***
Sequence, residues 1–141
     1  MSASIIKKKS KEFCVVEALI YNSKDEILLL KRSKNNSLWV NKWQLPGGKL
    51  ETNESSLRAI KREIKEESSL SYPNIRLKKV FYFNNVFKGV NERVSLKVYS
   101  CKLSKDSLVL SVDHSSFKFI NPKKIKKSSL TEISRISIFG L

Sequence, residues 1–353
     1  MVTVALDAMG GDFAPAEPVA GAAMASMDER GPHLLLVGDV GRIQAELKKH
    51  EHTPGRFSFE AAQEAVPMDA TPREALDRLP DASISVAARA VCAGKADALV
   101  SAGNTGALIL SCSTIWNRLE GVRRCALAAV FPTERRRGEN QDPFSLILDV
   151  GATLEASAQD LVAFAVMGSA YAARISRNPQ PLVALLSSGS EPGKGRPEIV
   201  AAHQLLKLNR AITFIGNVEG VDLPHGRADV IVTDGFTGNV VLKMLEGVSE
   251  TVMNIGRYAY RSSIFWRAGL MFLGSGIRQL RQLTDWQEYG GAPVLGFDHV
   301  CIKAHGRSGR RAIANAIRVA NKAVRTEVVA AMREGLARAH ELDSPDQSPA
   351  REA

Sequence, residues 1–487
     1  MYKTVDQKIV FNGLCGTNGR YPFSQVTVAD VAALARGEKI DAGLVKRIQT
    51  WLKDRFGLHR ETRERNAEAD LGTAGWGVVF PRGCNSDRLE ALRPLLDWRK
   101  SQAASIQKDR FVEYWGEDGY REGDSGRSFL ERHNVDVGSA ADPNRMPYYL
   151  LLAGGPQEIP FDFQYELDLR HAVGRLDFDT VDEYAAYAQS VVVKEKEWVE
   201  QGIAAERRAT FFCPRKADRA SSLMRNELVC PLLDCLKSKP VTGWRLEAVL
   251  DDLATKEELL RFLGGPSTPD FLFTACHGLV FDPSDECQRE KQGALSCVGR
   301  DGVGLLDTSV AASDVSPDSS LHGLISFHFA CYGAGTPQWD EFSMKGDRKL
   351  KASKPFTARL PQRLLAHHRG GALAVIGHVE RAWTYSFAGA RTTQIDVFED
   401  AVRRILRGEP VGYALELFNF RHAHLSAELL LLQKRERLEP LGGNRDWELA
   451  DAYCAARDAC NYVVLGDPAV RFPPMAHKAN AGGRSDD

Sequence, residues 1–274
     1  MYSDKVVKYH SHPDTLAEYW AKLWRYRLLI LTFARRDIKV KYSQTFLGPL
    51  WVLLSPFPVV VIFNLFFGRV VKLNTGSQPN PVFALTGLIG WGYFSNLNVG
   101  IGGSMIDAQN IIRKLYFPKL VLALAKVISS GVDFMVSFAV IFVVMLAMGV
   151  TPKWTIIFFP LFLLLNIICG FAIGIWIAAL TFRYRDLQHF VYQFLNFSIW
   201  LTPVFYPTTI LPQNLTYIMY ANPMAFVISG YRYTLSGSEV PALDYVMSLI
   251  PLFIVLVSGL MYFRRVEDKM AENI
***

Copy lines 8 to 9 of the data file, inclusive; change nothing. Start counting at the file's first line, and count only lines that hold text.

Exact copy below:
   101  SAGNTGALIL SCSTIWNRLE GVRRCALAAV FPTERRRGEN QDPFSLILDV
   151  GATLEASAQD LVAFAVMGSA YAARISRNPQ PLVALLSSGS EPGKGRPEIV